‘Adapting to Survive’ and Thrive: Interpreting Eighteenth-Century Reality in the Twenty First-Century Virtual Realm
Like museums around the world, historic houses are dealing with the new challenges posed by Covid-19. On Thursday, Nov. 19 at 1:00pm EST, the American Friends of Attingham will host an online lecture by Ben Cowell titled “Adapting to Survive,” addressing how the pandemic has affected the country house sector in the United Kingdom. UPDATE: For a short time, a recording of the lecture will be available at a link on the American Friends of Attingham website.
In this spirit, today we are featuring a post by Laura Keim, an Attingham Summer School alumna and Curator at Stenton, an eighteenth-century house in Philadelphia, discussing how Stenton has worked to bring the house to new audiences over the past 9 months.–ANR
The COVID-19 pandemic of 2020-2021 has forced institutions of all kinds to shut down, shift focus, and learn to operate in new ways and in new arenas — a true test of resilience in the face of uncertainty and the looming threat of illness, death, job losses, and economic hardship. Co-vid in Latin literally means “seeing together;” pan-demic in Greek literally means “all people.” A silver lining in the pandemic is that museums, including historic house museums, which tend to be smaller operations, have pivoted programming to the online realm, where theoretically “all people” with a device and an internet connection can “see together” and connect to places and collections, near and far, that they might not otherwise visit in person.
Historic houses are place-based museums, grounded in their locale, physical remnants of a past time, with which people seek to connect. Whereas art museums feature great and important objects, historic house museums are interpreted repositories of domestic life. The totality of the context is the curated collection and audience experience. Visitors frequently want to know if objects or features are “original” or “real.” They seek a sense of visceral and intimate connection to the place and its former inhabitants that comes from immersing oneself in the spaces. Although virtual reality technology and 3-D scanning have begun to offer digital immersive environments, that technology is not yet an industry standard.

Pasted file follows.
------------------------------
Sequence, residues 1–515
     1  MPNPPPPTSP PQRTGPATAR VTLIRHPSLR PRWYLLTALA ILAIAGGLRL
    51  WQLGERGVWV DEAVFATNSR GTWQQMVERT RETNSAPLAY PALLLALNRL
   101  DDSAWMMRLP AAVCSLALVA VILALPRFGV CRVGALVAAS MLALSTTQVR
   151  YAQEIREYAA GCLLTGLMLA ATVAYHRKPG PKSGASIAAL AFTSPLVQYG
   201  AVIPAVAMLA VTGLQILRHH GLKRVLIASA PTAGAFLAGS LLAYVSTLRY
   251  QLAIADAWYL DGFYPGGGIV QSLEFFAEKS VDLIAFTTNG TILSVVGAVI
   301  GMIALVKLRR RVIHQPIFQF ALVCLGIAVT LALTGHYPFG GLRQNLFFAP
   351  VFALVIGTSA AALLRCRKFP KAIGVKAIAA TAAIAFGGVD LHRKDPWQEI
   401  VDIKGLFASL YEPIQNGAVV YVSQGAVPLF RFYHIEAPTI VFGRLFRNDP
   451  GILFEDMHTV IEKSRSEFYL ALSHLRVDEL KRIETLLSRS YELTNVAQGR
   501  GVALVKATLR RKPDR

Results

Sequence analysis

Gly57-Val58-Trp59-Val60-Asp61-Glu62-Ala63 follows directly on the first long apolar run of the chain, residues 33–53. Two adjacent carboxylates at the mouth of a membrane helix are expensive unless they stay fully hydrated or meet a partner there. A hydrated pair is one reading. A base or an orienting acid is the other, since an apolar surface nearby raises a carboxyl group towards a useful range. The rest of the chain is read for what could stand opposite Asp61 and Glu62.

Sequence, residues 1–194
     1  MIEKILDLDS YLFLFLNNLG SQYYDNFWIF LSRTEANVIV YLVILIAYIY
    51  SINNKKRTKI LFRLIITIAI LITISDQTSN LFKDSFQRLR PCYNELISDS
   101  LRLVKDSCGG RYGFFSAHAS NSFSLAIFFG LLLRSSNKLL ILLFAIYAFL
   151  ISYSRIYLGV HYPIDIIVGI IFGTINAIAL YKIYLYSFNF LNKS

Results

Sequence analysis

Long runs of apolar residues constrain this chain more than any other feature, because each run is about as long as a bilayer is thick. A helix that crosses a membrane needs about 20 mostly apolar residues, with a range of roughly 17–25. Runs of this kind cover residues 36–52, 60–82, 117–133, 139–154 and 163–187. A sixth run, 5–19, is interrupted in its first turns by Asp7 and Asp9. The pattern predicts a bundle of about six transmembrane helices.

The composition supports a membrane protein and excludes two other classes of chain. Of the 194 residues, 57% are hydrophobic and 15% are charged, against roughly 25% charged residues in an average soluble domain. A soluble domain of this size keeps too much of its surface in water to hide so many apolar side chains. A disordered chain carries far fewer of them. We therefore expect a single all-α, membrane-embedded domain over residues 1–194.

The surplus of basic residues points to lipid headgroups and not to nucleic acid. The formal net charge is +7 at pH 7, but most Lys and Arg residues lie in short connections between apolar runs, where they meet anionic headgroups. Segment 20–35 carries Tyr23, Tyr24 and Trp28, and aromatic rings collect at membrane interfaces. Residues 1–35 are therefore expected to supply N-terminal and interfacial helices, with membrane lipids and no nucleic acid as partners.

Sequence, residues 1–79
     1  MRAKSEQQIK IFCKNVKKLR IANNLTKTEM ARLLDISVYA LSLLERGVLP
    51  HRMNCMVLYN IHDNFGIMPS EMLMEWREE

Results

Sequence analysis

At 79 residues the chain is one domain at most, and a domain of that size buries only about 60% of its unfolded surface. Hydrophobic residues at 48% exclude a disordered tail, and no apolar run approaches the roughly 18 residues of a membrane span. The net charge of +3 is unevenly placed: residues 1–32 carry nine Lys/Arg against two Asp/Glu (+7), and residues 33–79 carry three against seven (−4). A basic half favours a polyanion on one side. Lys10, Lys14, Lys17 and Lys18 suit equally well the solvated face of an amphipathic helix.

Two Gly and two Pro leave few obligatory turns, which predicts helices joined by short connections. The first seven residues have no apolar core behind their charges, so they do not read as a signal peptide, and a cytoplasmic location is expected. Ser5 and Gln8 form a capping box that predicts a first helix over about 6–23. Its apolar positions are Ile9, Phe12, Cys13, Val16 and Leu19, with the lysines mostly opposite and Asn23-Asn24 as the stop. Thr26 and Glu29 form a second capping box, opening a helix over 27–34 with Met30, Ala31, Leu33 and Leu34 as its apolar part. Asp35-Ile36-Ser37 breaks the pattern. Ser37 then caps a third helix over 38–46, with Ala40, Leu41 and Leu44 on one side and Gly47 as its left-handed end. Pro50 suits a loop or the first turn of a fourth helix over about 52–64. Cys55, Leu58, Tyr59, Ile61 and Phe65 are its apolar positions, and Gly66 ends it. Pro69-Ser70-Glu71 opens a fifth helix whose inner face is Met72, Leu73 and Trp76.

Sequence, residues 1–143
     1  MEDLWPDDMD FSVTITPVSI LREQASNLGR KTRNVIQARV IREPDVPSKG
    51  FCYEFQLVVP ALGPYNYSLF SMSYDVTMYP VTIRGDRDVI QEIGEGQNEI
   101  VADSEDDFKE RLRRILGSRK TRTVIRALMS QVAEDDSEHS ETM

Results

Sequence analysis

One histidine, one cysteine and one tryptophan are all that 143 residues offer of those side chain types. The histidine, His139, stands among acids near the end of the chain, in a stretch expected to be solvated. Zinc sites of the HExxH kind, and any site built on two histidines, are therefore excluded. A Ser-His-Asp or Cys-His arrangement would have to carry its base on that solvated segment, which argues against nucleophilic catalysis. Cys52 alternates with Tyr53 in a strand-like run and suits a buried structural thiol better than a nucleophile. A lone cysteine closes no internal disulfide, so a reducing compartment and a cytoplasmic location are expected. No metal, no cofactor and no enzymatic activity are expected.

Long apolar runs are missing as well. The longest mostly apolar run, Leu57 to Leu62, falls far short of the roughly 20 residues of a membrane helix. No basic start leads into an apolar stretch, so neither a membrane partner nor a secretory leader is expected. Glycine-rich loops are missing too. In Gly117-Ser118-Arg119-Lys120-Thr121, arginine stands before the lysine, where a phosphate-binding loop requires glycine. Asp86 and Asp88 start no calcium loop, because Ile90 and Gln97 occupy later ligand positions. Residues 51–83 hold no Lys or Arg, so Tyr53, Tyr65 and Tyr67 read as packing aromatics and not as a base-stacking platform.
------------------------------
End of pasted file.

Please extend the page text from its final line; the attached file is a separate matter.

At Stenton, a c.1730 brick gentleman’s house in Philadelphia built for Colonial Statesman James Logan, we started driving content online in March, just after the shutdown. A museum operated by The National Society of The Colonial Dames of America in the Commonwealth of Pennsylvania since 1899, Stenton moved, relatively seamlessly, into digital audience engagement, a testimony to the steady leadership from our Executive Director and the Dames. We began with social media, creating a “Curator’s Cabinet of Curiosities” series of Facebook posts to build online content highlighting some of Stenton’s less-seen collections, creating new connections between objects at Stenton and in collections outside the museum. These posts then went out to our email list as a weekly blog.
The programs team repackaged some of the History Hunters Youth Reporter materials and activities for online consumption for parents and teachers muddling through virtual school from home. History Hunters is a literacy-based, field-trip program that usually offers approximately 3,500 fourth and fifth grade Philadelphia public schoolchildren subsidized trips to five historic sites for a comprehensive, year-long social studies curriculum. The Director of Education repositioned the History Hunters website as a resource for teachers and parents, who suddenly were teaching their children at home. Over the summer, the History Hunters program underwent its biggest transformation in its seventeen year history to a fully virtual field trip program, as Philadelphia schools will remain online into the 2020-21 school year.
Stenton’s Executive Director rapidly transformed Stenton’s annual Garden Party into a successful virtual event, which raised funds to support our burgeoning virtual programming. We began dabbling in Facebook Live tours in June, expanding to illustrated Zoom talks over the summer. All the recorded real-time tours and talks are available as YouTube videos, which are now available on our website. Learning as we went along, we took risks with unfamiliar technology and formats in real time, with a supportive audience of devoted online followers.